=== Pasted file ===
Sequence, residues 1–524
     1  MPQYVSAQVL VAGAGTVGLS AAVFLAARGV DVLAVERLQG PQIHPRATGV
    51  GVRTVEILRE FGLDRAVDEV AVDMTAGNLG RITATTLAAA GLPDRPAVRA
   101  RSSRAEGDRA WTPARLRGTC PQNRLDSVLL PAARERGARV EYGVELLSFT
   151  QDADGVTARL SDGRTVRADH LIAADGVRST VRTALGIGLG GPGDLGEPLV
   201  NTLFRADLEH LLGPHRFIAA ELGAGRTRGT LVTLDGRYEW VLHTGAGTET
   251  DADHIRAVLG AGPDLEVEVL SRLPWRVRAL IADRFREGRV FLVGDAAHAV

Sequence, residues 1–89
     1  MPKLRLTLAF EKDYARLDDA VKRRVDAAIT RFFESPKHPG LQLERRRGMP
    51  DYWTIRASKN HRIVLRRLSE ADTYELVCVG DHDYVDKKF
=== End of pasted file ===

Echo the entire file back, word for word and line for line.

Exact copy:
Sequence, residues 1–524
     1  MPQYVSAQVL VAGAGTVGLS AAVFLAARGV DVLAVERLQG PQIHPRATGV
    51  GVRTVEILRE FGLDRAVDEV AVDMTAGNLG RITATTLAAA GLPDRPAVRA
   101  RSSRAEGDRA WTPARLRGTC PQNRLDSVLL PAARERGARV EYGVELLSFT
   151  QDADGVTARL SDGRTVRADH LIAADGVRST VRTALGIGLG GPGDLGEPLV
   201  NTLFRADLEH LLGPHRFIAA ELGAGRTRGT LVTLDGRYEW VLHTGAGTET
   251  DADHIRAVLG AGPDLEVEVL SRLPWRVRAL IADRFREGRV FLVGDAAHAV

Sequence, residues 1–89
     1  MPKLRLTLAF EKDYARLDDA VKRRVDAAIT RFFESPKHPG LQLERRRGMP
    51  DYWTIRASKN HRIVLRRLSE ADTYELVCVG DHDYVDKKF